Kelubabu Award turns 16!
- Ashish Mohan Khokar, Bangalore
Photos: Arbind Mahapatra

September 15, 2010

Guru Kelucharan Mohapatra turned 16 last week. The Award instituted in his memory, that is! His vast circle of family and friends, shishyas and sarthis, all epic-centered in his son Ratikant babu (for those south of the Vindhyas and west of the Bhubaneswar-Bengal belt, the word babu means someone older or younger, called with respectful affection. It means Dear Sir, so though of different ages, it applies to Kelubabu and Ratibabu). Ratikant babu's efforts to propitiate his father's memory, through an honour that means a lot in the field of Orissi performing arts, has come to symbolize excellence and expertise.

Poets have sung peans to sweet sixteen, although kids start earlier nowadays! For this Award to turn 16 means conviction, consistency and concurrence. Given each year to coincide appropriately with Teacher's Day (5th Sept), this honour goes to two or more connected with Oriya music, dance, theatre and cinema. This year too was no exception and we had two senior and deserving candidates receiving the Award for music (Prof. Mohini Mohan Patnaik) and costumes/aharya (Bhagirathi Das).

Orissa Chief Minister Naveen Patnaik honors
musician Prof. Mohini Mohan Patnaik
Naveen Patnaik honors
Bhagirathi Das for Odissi costume designs
Upon arrival in Bhubaneswar, the capital of Orissa, one is met with the highly amiable and affable Ratikant babu, who all through the 5 day marathon Festival, remains unfazed, unruffled and unstressed. He personally receives most artistes at the Biju Patnaik airport. Together with Millu (model material and artiste in tow) they swiftly transport the artistes to their abodes.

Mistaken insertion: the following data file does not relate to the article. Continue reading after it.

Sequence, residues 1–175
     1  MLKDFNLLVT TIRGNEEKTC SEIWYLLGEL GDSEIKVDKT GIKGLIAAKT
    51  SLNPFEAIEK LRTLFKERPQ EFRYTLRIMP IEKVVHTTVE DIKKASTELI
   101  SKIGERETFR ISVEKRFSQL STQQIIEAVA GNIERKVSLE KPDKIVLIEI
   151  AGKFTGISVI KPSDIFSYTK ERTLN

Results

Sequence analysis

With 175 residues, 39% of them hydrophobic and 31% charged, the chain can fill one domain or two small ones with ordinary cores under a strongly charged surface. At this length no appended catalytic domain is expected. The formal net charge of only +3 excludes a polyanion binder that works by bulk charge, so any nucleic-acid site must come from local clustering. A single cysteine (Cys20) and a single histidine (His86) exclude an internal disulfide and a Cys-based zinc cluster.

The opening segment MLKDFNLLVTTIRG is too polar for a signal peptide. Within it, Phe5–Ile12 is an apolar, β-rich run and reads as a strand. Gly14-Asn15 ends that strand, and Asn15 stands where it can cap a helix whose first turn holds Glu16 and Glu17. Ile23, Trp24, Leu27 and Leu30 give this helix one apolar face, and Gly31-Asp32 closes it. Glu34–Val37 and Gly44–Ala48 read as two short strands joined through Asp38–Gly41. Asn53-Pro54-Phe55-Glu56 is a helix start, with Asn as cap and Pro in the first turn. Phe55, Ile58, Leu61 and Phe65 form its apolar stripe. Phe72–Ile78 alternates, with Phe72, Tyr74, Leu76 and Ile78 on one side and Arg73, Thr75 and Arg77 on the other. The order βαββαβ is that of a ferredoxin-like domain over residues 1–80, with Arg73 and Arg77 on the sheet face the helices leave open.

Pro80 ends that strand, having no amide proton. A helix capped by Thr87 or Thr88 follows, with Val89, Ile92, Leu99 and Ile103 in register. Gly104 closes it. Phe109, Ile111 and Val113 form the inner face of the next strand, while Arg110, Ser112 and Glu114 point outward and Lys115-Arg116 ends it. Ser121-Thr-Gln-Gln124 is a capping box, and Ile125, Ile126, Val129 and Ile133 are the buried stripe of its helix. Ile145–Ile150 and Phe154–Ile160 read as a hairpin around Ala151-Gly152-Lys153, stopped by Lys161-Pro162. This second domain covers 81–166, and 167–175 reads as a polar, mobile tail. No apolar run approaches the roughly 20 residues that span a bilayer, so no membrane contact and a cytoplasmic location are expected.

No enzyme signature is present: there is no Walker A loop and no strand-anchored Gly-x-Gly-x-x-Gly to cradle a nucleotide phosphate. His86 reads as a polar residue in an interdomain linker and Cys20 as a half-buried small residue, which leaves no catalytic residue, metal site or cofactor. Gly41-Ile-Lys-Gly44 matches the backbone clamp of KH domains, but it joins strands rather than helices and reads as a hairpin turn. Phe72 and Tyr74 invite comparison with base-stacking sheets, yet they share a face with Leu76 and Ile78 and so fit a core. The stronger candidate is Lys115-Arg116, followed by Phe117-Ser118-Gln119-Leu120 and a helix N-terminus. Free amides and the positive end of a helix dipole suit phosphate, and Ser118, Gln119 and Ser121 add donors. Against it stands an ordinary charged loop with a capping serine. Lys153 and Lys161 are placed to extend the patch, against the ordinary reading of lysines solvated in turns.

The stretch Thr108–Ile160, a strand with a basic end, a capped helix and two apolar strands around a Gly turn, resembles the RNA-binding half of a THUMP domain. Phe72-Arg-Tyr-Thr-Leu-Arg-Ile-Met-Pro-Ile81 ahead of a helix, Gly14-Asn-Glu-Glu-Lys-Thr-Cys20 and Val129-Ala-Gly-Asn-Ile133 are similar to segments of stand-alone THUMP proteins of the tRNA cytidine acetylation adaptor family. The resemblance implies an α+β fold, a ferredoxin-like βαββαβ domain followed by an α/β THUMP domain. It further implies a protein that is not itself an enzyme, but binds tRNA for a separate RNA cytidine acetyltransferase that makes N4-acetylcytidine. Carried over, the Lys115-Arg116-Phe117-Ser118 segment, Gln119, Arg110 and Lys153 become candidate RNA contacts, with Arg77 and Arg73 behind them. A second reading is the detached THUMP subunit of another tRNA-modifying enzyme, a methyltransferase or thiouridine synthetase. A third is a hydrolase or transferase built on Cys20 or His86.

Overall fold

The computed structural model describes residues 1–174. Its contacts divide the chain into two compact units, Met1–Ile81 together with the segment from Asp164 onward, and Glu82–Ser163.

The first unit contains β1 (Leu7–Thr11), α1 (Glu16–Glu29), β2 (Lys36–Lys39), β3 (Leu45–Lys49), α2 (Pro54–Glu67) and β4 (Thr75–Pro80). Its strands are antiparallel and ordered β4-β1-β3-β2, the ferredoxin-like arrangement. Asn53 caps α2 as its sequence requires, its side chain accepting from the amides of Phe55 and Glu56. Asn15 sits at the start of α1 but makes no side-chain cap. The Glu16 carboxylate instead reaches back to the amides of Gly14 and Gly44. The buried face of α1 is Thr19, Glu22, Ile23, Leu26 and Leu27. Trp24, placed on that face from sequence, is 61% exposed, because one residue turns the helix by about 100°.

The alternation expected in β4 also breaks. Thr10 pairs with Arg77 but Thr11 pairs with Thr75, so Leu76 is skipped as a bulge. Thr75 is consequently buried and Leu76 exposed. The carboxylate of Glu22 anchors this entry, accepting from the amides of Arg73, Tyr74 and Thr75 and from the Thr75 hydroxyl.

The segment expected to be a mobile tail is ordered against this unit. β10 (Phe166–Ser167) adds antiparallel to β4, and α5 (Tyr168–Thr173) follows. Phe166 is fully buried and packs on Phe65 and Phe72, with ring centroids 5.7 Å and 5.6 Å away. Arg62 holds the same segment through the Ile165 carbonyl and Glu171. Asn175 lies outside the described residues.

Day One opens to a grandly decorated Rabindra Mandap, looking like a wedding hall, with lights and all. Ratikant & Co. have a flair for making ordinary arrivals ceremonial (!), to make each guest feel very special like a VIP. I'm told Bhubaneswar denizens suffer from being-in-the-first-row complex culture. We humbly try to take to the 2nd row (critics in Delhi, Bangalore, Madras and most metros always take to the 2nd row as it affords a vantage point to see all in action, as there is much socialising and ji-huzoori going on in the first row, without having to get close or involved in any. A critic must keep neutral distance and not be taken to be a PR agent.). In any case, how many VIPs can the 10 centre first row seats accommodate?

Ileana Citaristi
Pt Shiv Kumar Sharma
Ileana Citaristi opened the 5 day festival and her choice and inclusion is understandable, owing to her sincerity to her style (of Kelubabu); her closeness to her guru's family (having written his bio some years ago) and her commitment to Indian dance. Yet, her Orissi is rather blank and bland. There is no range or feel and all items rendered look the same! Often she mixes Chhau with Orissi. Is this the best of Orissi in Orissa to be showcased on the opening night? Fortunately, master of Santoor strings, Pt. Shiv Kumar Sharma, takes the opening evening to where it should be: on a high note.

Next day features Malavika Sarukkai, whose dance has grown and become resplendent with many a fleeting moods. Malavika Sarukkai is looking spiffier and dancing younger! She has a new found energy, even if the strain of doing so is showing on her but there was a new spark in her dance. She tried to make the evening special and succeeded in investing a lot of energy in her dance, which always has been known for its technique, but now, her face is busý too, often combining the emotive range of a Shobana (the actress), with the spontaneity of a Valli (the diva).